Poaching an egg can be very intimidating. If you have followed my blog from the beginning, you have read how difficult I found egg cooking during culinary school (April 18, 2011 “Still Doing Breakfast”), so you are not alone, if you fear poaching eggs. I will not tell you how easy it is-because I’d be lying-but I will tell you that with practice, you can master it. All you “waste” is some eggs, a bit of vinegar, and your time. Approach this with confidence (and when no one else is around to laugh at your octopus tentacled, pan-stuck, or just plain ragged results). If you’ve got dogs, there will be in egg heaven-and have a beautiful coat to boot. Here are the keys:
- A big enough pan, so that the eggs have room to move around-both deep and wide enough.
- Enough water in the pan to give the eggs room to coagulate without sticking to the bottom. You will need at least 2 inches of water. Measure this the first time DO NOT EYE IT.
- Enough white vinegar to help the eggs coagulate quickly. 1 tablespoon for every 4 cups.
- The water should come to a boil and then be reduced to a low simmer and kept there for the 3 minute cooking. You may need to play with the burner controls during the cooking to achieve this.
- The eggs must be fresh and cold when you drop them in the simmering water. Eggs that have been sitting in your fridge for a month will not behave well.
- The cracked egg should be in a small cup that you can easily lower with one hand to the surface of the water.
- Creating a vortex to pour the egg into by stirring the simmering water at a measured pace. The vortex should be a gentle swirl-not so slow that you can’t notice it, but it should not look like a cyclone funnel either. Getting this right will take practice.
How To Cook Poached Eggs:
You will need: egg(s), white vinegar, a slotted spoon, a pan of water-at least 4 cups(I use 8 cups), a small ramekin and a bowl of ice water.
- Bring the pot of water with vinegar in it (1 tablespoon to each 4 cups of water) to a boil. Reduce it to a LOW simmer.
- Crack an egg into your ramekin-be sure to be gentle, so the egg yolk remains intact.
- Take your slotted spoon and get a little whirlpool going by stirring in a circle toward the middle of the pot. When you see a gentle vortex, quickly lower the ramekin edge to the surface of the water and tip the egg in all at once right into the vortex. If the egg is fresh and the vortex at the right speed, you should see the egg white wrap itself around the egg yolk in a nice tight package as it swirls around. Don’t worry if you get a thin tail of white, you can easily trim that off.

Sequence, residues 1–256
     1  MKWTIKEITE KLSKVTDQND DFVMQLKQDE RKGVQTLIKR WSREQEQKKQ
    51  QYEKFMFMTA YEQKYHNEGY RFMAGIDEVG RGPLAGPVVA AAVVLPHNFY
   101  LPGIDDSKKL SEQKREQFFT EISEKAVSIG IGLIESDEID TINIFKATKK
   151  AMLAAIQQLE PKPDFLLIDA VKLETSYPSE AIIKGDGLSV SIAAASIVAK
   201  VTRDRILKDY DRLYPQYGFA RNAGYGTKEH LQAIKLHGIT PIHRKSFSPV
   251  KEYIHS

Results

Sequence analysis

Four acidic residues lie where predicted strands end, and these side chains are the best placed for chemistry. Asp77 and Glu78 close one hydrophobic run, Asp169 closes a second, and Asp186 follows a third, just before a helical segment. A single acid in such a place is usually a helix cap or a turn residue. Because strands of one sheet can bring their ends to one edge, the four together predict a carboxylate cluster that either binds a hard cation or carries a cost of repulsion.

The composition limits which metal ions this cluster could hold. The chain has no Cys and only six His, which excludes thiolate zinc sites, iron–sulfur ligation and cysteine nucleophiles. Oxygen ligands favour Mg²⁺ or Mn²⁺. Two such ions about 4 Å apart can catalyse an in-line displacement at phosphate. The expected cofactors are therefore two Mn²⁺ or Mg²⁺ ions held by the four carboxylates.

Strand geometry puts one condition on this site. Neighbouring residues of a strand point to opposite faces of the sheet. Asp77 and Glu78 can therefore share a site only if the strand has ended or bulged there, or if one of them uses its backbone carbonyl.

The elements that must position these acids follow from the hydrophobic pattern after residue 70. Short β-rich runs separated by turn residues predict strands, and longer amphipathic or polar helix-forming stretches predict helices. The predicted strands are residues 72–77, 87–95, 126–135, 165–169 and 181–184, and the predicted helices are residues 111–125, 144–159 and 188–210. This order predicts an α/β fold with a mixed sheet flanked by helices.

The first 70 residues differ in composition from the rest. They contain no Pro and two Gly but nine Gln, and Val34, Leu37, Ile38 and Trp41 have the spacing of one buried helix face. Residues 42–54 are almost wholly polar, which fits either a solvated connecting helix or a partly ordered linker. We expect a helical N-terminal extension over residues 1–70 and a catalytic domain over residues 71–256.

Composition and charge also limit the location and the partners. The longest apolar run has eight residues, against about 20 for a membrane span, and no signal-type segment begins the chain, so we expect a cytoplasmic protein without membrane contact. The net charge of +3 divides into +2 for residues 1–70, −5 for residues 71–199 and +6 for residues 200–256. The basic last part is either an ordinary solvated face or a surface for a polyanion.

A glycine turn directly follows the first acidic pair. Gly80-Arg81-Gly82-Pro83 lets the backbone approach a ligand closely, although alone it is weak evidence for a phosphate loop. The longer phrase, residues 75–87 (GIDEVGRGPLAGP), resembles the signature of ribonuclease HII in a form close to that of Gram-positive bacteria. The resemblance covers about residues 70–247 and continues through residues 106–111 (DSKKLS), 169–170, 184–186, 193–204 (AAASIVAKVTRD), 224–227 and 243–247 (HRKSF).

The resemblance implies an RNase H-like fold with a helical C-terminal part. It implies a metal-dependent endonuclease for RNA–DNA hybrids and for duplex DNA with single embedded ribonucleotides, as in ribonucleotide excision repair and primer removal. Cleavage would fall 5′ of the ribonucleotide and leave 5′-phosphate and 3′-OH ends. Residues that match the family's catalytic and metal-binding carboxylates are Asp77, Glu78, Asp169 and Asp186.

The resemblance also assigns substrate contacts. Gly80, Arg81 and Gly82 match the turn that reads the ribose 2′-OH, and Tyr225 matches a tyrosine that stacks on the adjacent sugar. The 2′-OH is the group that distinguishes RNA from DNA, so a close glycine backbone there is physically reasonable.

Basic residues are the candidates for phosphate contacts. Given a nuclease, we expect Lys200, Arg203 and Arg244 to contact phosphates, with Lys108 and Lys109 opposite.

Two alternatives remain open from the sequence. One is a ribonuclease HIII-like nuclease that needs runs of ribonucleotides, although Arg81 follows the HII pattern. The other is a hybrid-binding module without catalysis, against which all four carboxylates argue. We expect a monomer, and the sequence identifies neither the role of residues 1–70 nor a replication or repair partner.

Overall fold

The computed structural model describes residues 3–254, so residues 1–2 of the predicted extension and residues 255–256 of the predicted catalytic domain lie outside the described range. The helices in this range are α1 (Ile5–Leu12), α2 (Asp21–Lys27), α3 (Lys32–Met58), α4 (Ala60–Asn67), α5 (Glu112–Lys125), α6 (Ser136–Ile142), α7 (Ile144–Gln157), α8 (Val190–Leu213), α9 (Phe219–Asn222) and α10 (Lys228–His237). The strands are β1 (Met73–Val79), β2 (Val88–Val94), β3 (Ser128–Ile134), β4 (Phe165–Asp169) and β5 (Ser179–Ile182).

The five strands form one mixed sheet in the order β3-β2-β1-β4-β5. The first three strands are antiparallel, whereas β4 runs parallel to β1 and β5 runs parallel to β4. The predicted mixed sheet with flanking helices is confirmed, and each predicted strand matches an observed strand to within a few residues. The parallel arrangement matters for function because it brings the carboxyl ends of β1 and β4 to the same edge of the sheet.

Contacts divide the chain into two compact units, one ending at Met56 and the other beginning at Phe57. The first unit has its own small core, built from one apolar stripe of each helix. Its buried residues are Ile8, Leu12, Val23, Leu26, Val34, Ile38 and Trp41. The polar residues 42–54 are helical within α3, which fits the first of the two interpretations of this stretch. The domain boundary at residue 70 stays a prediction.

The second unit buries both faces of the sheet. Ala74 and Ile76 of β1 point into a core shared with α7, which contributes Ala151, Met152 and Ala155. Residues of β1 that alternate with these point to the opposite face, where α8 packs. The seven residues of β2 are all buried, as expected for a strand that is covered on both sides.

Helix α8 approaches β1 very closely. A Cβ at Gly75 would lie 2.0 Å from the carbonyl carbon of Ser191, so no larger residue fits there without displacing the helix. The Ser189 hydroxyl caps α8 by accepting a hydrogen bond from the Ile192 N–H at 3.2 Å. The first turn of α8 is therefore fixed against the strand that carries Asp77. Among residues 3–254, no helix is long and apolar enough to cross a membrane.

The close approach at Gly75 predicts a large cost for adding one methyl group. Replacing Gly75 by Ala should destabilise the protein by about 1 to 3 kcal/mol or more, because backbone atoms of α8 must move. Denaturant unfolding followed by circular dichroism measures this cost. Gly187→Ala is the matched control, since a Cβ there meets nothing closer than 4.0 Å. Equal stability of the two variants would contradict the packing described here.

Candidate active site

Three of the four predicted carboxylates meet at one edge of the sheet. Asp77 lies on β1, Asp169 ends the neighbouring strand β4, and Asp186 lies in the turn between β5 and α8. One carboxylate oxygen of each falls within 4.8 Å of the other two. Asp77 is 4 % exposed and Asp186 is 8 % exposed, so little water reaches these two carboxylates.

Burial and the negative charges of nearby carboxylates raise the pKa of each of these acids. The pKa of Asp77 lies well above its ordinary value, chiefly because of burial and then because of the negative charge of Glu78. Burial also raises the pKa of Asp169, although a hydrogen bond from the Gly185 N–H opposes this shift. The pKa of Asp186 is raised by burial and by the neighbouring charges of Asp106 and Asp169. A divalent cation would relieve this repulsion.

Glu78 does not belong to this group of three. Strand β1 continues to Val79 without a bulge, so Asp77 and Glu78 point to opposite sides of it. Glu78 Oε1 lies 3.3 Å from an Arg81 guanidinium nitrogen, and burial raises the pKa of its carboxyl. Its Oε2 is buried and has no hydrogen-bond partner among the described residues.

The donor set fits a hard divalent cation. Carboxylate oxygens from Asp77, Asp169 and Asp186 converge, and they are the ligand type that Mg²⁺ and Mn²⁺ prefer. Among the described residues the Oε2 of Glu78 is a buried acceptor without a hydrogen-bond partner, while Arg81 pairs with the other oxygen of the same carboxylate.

- Keeping the water at a bare simmer, let the egg cook for about 3 minutes for a large egg, slightly shorter if you like the egg really runny. However, the shorter you cook the egg, the more delicately you must handle it because the white will still be very fragile and tender.
- Have a bowl of ice water handy and scoop the poached egg gently into the ice water. This will stop the cooking and you can keep a poached egg in water in the fridge for 24 hours. This is the restaurant way.
- To rewarm, heat a pot of water with a little bit of salt to just below a simmer. The water should be very hot, but not boiling. Gently drop the cold poached eggs into the water (you can rewarm as many a will comfortable fit in the pot) and leave there for about 1 minute until the eggs are warm. The salted water will remove any vinegary taste from the eggs that may have been left from the poaching. Before you use the eggs in a recipe, be sure to drain them on a paper towel.
Voilá. Congratulations! You have poached an egg eggactly right!!!
Note: Do each egg separately when you are learning. After some practice, you can try to do a couple at the same time by adding one to the water vortex, letting that one set up for a minute and gently creating another vortex and adding another egg and so on. Be sure to keep track of the order in which you add the eggs, because that will determine the order in which they will be ready.\